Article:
Simple combinations

3 July 2014
Love it!

The simpler the meal, the easier it is to digest.

Basic: Don’t combine carbohydrates with proteins.

  • Concentrated proteins: meat, fish, cheese, soy, Quorn, seitan
  • Concentrated carbohydrates: quinoa, lentils, beans, chickpeas, potatoes*, bread*, pasta*, rice*, cereals*

*These are fast carbohydrates, I rarely eat them because they release their sugars very quickly into the blood and cause a spike in blood sugar levels. Consider them comfort food.

The principle of simple food combinations is such an effective one that it can change your entire life.
We’re the only living creatures on earth that eat so many different types of foods at the same time. We don’t just eat so many different foods, we also eat them in large portions, which burdens our digestive systems and slows digestion to such a degree that the food starts to ferment and rot in our stomachs and intestines before it can be fully digested, resulting in cramps and the familiar sensation of feeling bloated.

Simple food combinations:

  • fish + vegetables
    (proteins + vegetables)
  • meat + vegetables
    (proteins + vegetables)
  • cheese + vegetables
    (proteins + vegetables)
  • potatoes + vegetables
    (fast carbohydrates + vegetables)

Each food group requires a specific enzyme to break it down. Moreover, proteins are broken down by enzymes found in the stomach that require an acidic environment to work. Starches are first broken down by the enzyme ptyalin (a salivary amylase found in your mouth) and which only works in an alkaline environment. Both of these together, an acid and an alkali, neutralize each other.  The digestion of fast carbohydrates is inhibited by the presence of acidic digestive juices and proteins can’t be properly digested because of the presence of alkaline juices.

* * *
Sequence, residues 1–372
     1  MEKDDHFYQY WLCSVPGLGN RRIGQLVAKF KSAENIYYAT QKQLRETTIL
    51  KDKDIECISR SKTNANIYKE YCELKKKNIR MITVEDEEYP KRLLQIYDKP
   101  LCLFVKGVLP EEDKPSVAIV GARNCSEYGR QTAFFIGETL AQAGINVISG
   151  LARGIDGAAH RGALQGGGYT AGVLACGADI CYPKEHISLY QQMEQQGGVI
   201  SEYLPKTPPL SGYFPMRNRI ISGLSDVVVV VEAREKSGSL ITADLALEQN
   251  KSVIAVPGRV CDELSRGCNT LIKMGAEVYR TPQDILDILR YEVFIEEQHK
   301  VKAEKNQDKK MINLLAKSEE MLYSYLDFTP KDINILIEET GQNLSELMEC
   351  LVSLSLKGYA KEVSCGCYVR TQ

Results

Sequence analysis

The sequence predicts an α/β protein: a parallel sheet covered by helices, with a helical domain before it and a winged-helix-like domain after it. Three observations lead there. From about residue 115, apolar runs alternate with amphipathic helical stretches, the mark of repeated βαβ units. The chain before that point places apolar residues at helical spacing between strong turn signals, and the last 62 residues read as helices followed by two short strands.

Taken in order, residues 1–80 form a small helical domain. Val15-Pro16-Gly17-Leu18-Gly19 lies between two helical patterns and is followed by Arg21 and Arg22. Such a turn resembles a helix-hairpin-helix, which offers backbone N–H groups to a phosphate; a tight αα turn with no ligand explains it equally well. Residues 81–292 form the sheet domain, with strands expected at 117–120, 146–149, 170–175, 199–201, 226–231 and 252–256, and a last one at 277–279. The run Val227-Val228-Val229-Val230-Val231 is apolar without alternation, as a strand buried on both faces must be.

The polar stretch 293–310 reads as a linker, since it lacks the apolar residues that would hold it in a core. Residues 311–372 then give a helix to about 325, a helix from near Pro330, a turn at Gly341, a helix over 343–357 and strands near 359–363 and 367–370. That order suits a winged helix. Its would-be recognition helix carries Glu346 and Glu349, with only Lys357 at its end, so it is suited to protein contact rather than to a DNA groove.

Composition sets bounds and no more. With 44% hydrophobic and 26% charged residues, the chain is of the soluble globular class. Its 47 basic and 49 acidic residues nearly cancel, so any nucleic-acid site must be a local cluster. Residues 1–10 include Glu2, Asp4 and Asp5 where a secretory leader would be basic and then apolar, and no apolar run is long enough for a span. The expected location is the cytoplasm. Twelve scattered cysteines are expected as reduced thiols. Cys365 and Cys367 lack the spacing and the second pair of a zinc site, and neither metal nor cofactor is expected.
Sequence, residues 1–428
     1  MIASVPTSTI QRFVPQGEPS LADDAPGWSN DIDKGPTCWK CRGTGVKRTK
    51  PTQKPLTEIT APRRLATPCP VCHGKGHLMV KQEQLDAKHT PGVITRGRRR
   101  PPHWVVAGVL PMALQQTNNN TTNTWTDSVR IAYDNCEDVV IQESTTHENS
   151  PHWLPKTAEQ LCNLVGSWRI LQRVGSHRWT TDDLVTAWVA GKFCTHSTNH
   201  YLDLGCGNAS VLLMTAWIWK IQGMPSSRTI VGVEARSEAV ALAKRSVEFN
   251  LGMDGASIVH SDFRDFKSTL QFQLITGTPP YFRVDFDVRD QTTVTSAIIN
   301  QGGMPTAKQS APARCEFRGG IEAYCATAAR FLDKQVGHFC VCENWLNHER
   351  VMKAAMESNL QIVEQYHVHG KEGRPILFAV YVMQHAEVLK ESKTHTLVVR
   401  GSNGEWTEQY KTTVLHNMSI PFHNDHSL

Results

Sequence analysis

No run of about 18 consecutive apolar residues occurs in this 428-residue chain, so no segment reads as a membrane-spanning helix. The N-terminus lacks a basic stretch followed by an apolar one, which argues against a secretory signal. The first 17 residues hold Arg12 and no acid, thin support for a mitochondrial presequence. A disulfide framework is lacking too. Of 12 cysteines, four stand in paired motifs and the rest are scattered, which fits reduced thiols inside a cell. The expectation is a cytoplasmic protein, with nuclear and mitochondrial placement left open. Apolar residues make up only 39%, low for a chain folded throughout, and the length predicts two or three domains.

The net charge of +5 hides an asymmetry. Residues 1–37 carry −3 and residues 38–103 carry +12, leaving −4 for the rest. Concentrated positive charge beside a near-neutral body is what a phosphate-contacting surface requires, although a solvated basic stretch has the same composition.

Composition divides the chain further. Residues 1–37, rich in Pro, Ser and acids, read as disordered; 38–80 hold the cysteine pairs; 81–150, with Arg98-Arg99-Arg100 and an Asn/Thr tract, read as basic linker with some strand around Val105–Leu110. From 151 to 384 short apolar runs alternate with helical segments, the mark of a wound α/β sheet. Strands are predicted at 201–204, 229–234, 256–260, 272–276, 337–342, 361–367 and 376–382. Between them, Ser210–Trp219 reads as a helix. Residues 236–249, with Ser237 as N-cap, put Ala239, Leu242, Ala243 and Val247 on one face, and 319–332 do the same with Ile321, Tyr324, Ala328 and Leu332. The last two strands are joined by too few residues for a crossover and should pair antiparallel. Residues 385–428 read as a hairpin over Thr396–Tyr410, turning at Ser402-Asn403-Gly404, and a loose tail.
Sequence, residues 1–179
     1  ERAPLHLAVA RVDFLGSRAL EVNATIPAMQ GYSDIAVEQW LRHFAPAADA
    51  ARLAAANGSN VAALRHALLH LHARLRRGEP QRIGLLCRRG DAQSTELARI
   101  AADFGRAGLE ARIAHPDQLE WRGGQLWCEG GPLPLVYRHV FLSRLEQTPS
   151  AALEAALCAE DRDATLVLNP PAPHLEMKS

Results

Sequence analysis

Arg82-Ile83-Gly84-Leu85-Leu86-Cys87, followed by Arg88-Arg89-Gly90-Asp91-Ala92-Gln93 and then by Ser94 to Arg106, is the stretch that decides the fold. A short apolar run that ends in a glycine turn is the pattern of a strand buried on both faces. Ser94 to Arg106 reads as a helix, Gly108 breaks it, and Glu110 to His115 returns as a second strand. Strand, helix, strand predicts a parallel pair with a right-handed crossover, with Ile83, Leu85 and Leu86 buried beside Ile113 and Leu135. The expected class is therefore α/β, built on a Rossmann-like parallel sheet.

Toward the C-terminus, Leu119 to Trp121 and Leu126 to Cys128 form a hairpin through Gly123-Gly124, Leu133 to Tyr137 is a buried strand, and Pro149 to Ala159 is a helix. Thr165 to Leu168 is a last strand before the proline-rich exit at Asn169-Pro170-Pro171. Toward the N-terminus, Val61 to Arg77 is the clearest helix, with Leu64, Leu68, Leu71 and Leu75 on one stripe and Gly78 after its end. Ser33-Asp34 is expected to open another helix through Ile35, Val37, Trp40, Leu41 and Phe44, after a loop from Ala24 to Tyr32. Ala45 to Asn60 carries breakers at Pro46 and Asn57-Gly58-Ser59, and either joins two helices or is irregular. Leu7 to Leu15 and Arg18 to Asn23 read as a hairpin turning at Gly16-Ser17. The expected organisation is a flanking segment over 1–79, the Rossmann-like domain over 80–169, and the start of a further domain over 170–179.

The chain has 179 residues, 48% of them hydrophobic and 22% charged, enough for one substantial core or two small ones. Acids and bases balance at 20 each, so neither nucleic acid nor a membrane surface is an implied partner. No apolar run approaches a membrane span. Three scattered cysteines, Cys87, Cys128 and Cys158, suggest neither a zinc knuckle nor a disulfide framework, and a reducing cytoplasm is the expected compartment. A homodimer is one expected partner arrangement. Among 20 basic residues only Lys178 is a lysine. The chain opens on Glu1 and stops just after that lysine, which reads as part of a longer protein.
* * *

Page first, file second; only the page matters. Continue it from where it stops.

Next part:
Those who respect these simple food combinations reap immediate rewards:

  • no bloated stomach;
  • no feeling that your stomach is overfull;
  • no fermentation of food in your intestines;
  • no feeling of tiredness after your meal;
  • you’ll feel much fitter and you have much more energy because your body isn’t expending unnecessary energy on a slower digestive process and; because your food digests more quickly and you’re able to absorb the nutrients faster; (you are what you digest and not necessarily what you eat)
  • it’s slimming;
  • your skin looks and feels healthier;
  • the good intestinal bacteria are stimulated.

All of my recipes are based on simple food combinations. Try them yourself and you’ll immediately reap the benefits.

What about fruit?
I eat fruit for breakfast.

One of the best decisions I ever made was to substitute fruit for bread in the mornings. It delivers a wealth of vitamins, minerals, anti-oxidants, secondary macronutrients, and water. Peruse any scientific article on healthy eating and, more often than not, you’ll find a recommendation to: ‘eat more vegetables and fruit’. I’ve yet to read an article that recommends we eat more bread, on the contrary! Cereal products are increasingly coming under attack. Plenty of scientific studies and books have recently been published that oppose the idea of having ‘cereals’ as the basis of a healthy diet.